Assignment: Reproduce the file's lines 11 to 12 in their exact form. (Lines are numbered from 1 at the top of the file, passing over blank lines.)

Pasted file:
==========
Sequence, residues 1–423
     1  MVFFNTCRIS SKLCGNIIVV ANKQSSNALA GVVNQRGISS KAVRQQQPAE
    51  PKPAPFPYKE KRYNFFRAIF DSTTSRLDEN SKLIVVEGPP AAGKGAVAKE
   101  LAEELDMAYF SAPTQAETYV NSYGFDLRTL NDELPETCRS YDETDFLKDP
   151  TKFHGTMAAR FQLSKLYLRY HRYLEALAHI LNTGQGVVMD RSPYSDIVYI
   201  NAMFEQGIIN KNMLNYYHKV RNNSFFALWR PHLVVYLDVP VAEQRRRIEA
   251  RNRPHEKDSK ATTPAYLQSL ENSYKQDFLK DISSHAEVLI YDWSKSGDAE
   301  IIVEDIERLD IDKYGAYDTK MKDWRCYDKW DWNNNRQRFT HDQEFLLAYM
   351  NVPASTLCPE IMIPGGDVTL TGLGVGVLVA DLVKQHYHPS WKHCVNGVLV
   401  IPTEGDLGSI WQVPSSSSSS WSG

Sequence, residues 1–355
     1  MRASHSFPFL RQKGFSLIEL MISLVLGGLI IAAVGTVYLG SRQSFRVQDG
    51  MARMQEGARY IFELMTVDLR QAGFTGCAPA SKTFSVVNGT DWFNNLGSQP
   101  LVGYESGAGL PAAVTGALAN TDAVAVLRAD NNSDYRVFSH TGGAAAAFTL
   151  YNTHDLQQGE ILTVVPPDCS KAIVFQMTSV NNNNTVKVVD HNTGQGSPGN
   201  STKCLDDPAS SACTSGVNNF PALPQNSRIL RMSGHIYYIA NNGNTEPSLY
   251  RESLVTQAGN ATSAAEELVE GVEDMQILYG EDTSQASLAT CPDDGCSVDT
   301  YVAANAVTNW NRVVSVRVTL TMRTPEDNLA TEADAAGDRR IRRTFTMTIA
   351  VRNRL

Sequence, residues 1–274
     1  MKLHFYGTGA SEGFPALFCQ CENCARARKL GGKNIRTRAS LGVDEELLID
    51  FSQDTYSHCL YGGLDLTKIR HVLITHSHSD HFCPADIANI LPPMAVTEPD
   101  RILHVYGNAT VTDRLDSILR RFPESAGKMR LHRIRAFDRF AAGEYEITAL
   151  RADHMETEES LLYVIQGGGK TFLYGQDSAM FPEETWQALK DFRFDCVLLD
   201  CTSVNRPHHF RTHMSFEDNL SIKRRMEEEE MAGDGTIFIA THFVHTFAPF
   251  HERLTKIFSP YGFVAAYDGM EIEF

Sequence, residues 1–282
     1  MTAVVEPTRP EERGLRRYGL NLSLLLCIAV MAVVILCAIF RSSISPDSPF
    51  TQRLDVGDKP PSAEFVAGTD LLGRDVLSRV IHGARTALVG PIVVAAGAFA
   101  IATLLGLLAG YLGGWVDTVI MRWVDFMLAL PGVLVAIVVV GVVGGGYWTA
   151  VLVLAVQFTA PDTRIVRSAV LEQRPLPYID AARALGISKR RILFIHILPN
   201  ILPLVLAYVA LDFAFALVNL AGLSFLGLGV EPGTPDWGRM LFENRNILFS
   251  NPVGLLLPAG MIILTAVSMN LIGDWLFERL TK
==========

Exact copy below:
Sequence, residues 1–355
     1  MRASHSFPFL RQKGFSLIEL MISLVLGGLI IAAVGTVYLG SRQSFRVQDG